Should I upgrade?

If you are using a blunt knife to the kitchen my hand, or the subpar your knife is not cutting it anymore, it might be time to upgrade. Similarly, if the knife’s nice once you’ve used and abused and never sharpened, sharpened or improperly, and you can see it does not seem to keep his advantage ( even after grinding), it is time for a new one. And if you’ve only ever use a stainless steel knife, you might want to have a model like the main runner and pick-made by our high carbon steel will stay sharper.

Generally, you will find chef knife in two styles:

  • Germany: Chef’s Knife most widely recognized in the West, this has a markedly curved blade that tapers to a sharp point. Most have a push-a thick metal cuff-between blade and handle. Some have full pillow expanded all the way to the edge and some pillow part without. These knives usually heavier and thicker blade compared with their Japanese counterparts, making them great for hard work as lobsters and chest break separating birds. Their tongues have an even taper and are usually made of softer steel, so they tend to take a faster edge.
  • Western-style Japanese: Also known as a Gyuto. The tongue has less of a curve and tapering to a very sharp tip. Compared to a German knife, the blade is thinner and it never got enough support, help to sharpen knives. Because they are thinner and are made from carbon steel with higher quality hardware, they lose a lot more acute bevel angle, so they tend to be sharper than knives Germany. Unlike classic Japanese knives, which are only sharpened on one side, with an even taper gyutos. Because they are made of high carbon steel, they tend to be little more than a knife stainless Germany.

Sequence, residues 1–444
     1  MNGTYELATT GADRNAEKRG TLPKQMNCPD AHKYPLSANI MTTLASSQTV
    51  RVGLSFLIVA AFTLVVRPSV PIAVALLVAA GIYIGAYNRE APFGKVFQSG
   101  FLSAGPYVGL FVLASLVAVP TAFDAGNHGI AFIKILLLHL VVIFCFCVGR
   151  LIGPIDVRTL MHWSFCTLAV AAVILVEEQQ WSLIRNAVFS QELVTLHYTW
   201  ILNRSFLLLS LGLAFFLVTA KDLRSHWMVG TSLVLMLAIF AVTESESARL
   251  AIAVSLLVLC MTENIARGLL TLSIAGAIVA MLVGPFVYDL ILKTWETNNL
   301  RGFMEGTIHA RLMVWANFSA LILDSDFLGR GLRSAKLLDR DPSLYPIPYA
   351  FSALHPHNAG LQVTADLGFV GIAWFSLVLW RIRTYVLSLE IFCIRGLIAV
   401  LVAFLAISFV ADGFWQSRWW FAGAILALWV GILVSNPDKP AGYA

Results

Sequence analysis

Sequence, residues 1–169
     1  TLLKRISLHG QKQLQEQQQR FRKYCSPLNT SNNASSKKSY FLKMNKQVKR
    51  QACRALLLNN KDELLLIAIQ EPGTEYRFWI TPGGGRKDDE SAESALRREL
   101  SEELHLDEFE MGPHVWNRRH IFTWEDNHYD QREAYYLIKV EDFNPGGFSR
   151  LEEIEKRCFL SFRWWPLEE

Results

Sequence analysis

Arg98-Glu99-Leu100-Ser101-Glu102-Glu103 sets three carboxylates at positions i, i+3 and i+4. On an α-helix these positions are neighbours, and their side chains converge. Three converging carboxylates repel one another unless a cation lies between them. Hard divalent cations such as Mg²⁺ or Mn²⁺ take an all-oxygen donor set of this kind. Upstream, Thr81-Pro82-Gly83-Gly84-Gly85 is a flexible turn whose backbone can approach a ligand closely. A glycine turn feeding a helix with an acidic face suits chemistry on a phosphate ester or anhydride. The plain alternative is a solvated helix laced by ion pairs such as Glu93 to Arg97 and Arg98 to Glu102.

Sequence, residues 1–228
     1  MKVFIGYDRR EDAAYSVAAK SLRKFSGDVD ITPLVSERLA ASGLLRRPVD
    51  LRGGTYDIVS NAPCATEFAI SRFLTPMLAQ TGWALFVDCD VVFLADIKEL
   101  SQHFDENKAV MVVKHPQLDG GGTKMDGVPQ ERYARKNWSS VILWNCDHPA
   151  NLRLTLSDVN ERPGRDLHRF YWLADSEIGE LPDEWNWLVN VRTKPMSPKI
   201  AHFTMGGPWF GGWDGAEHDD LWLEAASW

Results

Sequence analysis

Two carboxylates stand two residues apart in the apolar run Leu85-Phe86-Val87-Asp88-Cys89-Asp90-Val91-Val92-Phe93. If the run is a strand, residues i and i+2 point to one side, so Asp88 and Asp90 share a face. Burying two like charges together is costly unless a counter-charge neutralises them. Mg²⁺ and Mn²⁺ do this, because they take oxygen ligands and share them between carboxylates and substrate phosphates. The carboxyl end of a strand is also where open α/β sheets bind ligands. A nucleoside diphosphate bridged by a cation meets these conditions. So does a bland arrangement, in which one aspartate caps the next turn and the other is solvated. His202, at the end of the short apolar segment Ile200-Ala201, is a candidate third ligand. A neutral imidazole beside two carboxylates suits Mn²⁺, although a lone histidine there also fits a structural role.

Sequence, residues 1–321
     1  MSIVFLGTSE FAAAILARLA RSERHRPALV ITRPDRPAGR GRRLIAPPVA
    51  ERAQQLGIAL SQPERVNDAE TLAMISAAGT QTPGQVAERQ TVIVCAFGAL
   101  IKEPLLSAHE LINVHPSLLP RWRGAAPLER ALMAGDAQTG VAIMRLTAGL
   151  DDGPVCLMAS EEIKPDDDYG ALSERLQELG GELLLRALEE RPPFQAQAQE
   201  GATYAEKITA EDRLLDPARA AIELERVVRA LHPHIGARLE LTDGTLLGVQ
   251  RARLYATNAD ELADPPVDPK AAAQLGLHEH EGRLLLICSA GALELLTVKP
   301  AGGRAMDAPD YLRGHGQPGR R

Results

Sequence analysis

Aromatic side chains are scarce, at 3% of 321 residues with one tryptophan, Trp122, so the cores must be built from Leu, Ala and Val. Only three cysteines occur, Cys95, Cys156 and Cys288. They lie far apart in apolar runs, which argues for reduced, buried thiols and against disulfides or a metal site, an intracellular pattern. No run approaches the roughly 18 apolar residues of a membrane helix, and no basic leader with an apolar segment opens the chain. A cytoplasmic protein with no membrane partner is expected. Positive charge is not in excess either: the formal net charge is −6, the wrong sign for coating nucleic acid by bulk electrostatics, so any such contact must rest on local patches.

Related: Best Buying Guide For Couples

How we choose & test of Chef’s Knife

A chef’s knife can solve 80-90 percent cut tasks, such as breaking the vegetables, cut the grass and lettuce seeds, and cut onions and scallions. It will handle simple cuts of meat, like beef Cubing for stew or chicken cut into strips for a stir fry. (It is not, however, the best knife to break down a chicken because you will want a Boning knife for that.)

To achieve all this, the knife was sharp. It will be able to cut through the paper straight out of the box. As long as you hone the blade and attentive maintenance, it should remain sharp through moderate use in 6-12 months before you need to sharpen it. (For more about the difference between honing and sharpening, see Care and maintenance.) Dull knives are not only frustrating to use, dangerous. People are trying to make up for a dull blade by applying more pressure, which can cause the knife to slip off the food and nick a hand (or worse).

“An 8-inch kitchen knife is a happy environment and perfect for almost anyone.”

Chef’s knife blade range from 6-12 inches long, but for most people around the 8 inch length is perfect. Brendon McDermott, chef skills instruction at Kendall College knife, saying, “I tend to always tell people to go smaller bigger, but I think an 8-inch kitchen knife is a lip happy and perfect case for almost anyone. ”